Hoping to become a showcase for the combination of intranet and client-server technologies, Dun & Bradstreet Software will in May release its first Java applet designed to extend the use of its SmartStream Distributed Enterprise suite of accounting and business operations software.
Designed in partnership with Java creator Sun Microsystems, this first in a planned series of applets will let local and remote users fill out purchase requisition forms from their browsers and submit them to the purchasing department.
Instead of having to install a full SmartStream client on each user's desktop, the applet lets any user with a browser make purchasing requests from electronic corporate and vendor catalogs. The forms are then routed to, processed, and approved by the SmartStream Procurement back-end software that runs on the server and delivers the purchase orders directly to the suppliers.
An intranet-based application like this has the advantage of lower hardware requirements for the client because the user needs only a browser instead of the full client package. In addition, it means less work for IS installing and maintaining that client's software and lower learning curves for everyone involved because the user gets access only to a limited set of features.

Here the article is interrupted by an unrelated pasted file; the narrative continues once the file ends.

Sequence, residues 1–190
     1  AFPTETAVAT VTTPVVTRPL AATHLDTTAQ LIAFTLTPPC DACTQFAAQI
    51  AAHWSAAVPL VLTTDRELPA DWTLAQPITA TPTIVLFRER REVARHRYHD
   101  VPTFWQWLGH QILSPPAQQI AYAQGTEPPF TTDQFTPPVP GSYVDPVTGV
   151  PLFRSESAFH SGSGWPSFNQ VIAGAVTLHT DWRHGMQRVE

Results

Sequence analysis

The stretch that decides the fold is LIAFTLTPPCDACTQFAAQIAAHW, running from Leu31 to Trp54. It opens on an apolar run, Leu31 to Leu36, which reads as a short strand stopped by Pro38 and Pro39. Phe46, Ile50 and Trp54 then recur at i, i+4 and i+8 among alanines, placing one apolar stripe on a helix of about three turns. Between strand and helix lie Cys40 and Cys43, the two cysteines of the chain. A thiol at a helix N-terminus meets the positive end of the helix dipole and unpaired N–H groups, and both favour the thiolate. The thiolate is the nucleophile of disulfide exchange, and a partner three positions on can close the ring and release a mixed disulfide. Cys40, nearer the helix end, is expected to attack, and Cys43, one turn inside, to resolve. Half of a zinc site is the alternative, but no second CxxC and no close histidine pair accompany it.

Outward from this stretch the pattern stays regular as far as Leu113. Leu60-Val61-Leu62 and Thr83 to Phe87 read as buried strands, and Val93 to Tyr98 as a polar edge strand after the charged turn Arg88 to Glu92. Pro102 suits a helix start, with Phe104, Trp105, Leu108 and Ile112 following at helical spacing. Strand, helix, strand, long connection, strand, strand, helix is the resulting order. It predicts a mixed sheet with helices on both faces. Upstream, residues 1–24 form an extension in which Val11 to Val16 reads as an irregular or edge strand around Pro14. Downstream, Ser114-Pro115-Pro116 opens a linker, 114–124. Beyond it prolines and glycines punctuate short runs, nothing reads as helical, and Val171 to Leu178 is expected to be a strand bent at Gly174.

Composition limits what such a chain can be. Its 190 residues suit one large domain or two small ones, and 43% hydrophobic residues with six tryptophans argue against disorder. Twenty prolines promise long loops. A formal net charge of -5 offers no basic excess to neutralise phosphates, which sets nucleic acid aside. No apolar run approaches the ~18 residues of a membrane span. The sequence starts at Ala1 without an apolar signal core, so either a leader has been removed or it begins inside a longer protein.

D&B started putting its intranet strategy in place in December, when it built HTML support into its SmartStream Decision Support query and reporting module so that executives' corporate reports can be output as Web pages instead of just documents on plain paper. The company also moved its SmartStream Assistant help desk to the Internet in January to provide a two-way, real-time link between customer installed sites and D&B support personnel.
D&B's competitors, however, including SAP, Oracle, and PeopleSoft, are also building features to take advantage of intranets into their client-server applications, each afraid to miss the next wave of distributed computing technology. D&B hopes that its collaboration with Sun on Java applets like this one will draw attention away from its competitors.
The company did not specify pricing for the Java applet.